Aspergillus fumigatus and Aspergillosis

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University of Oklahoma Study Abroad Microbiology in Arezzo, Italy[1]
Image of Aspergillus fumigatus. From: Alunos Online [2]

Etiology/Bacteriology

Taxonomy


Superkingdom = Eukaryota | Kingdom = Fungi | Subkingdom = Dikarya | Phylum = Ascomycota | Subphylum = Pezizomycotina | Class = Eurotiomycetes | Subclass = Eurotiomycetidae | Order = Eurotiales | Family = Aspergillaceae | Genus = Aspergillus | Species = A. fumigatus[1]

Description

Aspergillus fumigatus, a saprophytic fungus, can opportunistically cause a multitude of diseases in humans [2]. A. fumigatus, which primarily lives in soil and decaying vegetation, can be dispersed through the air as asexual spores, known as conidia. Because of this, humans usually get infected with the fungus by inhaling these conidia. In a given day someone inhales an average of 200 A. fumigatus spores [2]. In heathy individuals, the innate immune system kills all of the conidia that the body encounters; however, in immunocompromised individuals A. fumigatus infection is a serious concern.

Invasive aspergillosis (IA), which is primarily caused by A. fumigatus, is very severe and life-threatening infectious disease [3]. If left untreated, it is almost nearly deadly, usually resulting in intense pneumonia [16]. The innate immune system usually removes all the A. fumigatus conidia; however, in imunocompromised patients, such as those experiencing neutropenia, caused by chemotherapy, or those on prolonged cortocoidsteroids due to organ transplant, are at greater risk of developing the infection [2].

Clinical Features

Symptoms

Symptoms of invasive aspergillosis (IA) are wide ranging, but patients generally experience chest pain, cough, malaise, weight loss, dyspnea and fever [15]. However, patients could experience any number of these symptoms. For example, individuals with AI who were previously treated with corticosteroids do not have elevated temperatures. If left untreated symptoms vary depending on where the infection has spread [16]. If left untreated, patients with IA will inevitably develop fatal cases of pneumonia.

High Risk Groups

Groups at risk of developing invasive aspergillosis (IA) include patients recieving hematopoietic stem cell transplants or solid-organ transplants [16]. Patients that went through irradiation therapy or who suffer from neutropenia, which is usually caused by chemotherapy, are also at risk [2]. Corticosteroid therapy, which is used to treat graft-versus-host disease, is also a common cause of IA. People born with autoimmune diseases like chronic granulomatous disease (CGD), who can not make reactive oxygen species, can also develop IA [15].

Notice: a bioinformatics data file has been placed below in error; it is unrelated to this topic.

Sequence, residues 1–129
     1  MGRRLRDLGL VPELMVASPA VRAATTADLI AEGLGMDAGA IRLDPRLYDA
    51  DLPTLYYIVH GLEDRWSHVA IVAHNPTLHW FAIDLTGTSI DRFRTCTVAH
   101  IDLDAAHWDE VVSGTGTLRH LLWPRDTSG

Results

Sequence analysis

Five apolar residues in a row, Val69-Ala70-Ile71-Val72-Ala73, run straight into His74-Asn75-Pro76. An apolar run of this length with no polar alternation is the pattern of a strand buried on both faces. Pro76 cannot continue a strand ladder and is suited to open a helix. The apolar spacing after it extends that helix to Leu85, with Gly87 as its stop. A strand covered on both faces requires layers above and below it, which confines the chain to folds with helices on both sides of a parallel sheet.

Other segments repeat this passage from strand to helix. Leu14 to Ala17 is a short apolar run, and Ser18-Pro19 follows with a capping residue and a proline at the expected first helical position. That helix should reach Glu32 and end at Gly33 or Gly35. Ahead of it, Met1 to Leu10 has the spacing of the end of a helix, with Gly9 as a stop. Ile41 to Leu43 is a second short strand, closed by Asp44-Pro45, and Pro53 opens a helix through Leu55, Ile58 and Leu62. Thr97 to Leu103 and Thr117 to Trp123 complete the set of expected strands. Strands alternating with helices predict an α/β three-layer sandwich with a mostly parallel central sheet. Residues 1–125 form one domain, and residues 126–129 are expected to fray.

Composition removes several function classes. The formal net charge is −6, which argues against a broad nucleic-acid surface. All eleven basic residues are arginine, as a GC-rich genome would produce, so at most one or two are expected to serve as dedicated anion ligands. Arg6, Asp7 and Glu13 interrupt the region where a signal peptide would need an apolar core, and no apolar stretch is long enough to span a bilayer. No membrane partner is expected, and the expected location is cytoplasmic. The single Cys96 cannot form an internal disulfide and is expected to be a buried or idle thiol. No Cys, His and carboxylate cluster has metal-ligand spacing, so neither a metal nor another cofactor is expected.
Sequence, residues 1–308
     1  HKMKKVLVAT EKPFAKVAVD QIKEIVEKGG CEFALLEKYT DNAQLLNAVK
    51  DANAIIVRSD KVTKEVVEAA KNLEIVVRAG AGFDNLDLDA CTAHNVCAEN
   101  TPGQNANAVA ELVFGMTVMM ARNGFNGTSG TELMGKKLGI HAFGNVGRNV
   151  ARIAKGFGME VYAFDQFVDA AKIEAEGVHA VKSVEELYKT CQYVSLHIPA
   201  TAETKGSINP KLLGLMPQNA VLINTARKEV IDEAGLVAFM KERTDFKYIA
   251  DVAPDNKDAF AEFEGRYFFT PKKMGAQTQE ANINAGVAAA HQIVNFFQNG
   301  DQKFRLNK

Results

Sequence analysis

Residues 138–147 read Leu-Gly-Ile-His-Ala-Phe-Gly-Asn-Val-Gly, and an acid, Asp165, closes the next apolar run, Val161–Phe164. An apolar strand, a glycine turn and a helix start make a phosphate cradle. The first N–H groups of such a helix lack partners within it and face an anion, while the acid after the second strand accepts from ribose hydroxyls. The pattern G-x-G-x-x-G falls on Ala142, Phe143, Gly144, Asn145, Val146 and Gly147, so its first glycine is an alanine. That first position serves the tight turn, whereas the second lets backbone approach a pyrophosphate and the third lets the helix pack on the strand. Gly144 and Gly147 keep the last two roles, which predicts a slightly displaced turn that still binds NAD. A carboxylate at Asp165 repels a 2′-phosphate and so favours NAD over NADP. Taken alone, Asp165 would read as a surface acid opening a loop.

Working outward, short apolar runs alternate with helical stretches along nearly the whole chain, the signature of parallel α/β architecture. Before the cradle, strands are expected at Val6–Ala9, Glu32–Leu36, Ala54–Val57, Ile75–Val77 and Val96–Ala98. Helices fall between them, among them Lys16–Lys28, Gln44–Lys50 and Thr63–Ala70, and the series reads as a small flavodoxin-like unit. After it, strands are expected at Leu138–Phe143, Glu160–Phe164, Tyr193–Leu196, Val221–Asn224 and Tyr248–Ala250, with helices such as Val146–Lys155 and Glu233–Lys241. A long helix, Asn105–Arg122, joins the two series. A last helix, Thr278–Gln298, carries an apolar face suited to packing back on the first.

Treatment

Today, the most effective drug used in primary treatment of IA is voriconazole [16]. Although, drug resistance to azoles is of increasing concern, with up to five percent of cases showing signs of resistance [17]. Drug combinations of voriconazole and D-AMB or other anti-fungals are not uncommon [16]. However, voriconazole and D-AMB are the only drugs licensed for primary treatment of IA in the United States. In all cases, drug monitoring is necessary due to the variability in effectiveness in different patients. In rare cases, surgery is used to remove the infected tissue, although this is risky since patients with IA are already very ill. As a preventative measure, patients at high risk of developing IA can be given anti-fungal drugs like aerosolized liposomal amphotericin B [18]. The key to treatment of invasive aspergillosis (IA) is early detection [15]. In one study, the mortality rate of patients receiving eight or less days of anti-fungal drugs was one hundred percent.

Pathogenesis

Life Cycle

Figure 1: Aspergillus fumigatus life cycle. From: Clin Microbial Rev. [3]

Aspergillus fumigatus seems to live a fairly simple infectious life cycle, as seen in Figure 1 [2]. Asexual sporulation results in the inhalation of tiny spores, called conidia. In immunosuppressed patients, these conidia begin to germinate, leading to the formation of hyphae. Expecially true in patients with neutropenia, hyphae will continue to grow, until dissemination occurs. Recently, it has been shown that Aspergillus fumigatus do indeed participate in sexual reproduction [9]. The A. fumigatus life cycle may resemble the closely related A. nidulans, which is shown in Figure 2 [10].

Figure 2: Aspergillus nidulans life cycle. From: Nat Rev Genetics. [4]

Transmission

Aspergillus fumigatus is primarily transmitted through the inhalation of fungal spores, called conidia [2]. A. fumigatus conidia can be found ubiquitously in both indoor and outdoor environments, so people are continuously inhaling the fungi. The continued presence of A. fumigatus is usually not a problem; however, without proper respiratory tract immune defenses infection can occur.

Invasion of Host Lung Epithelium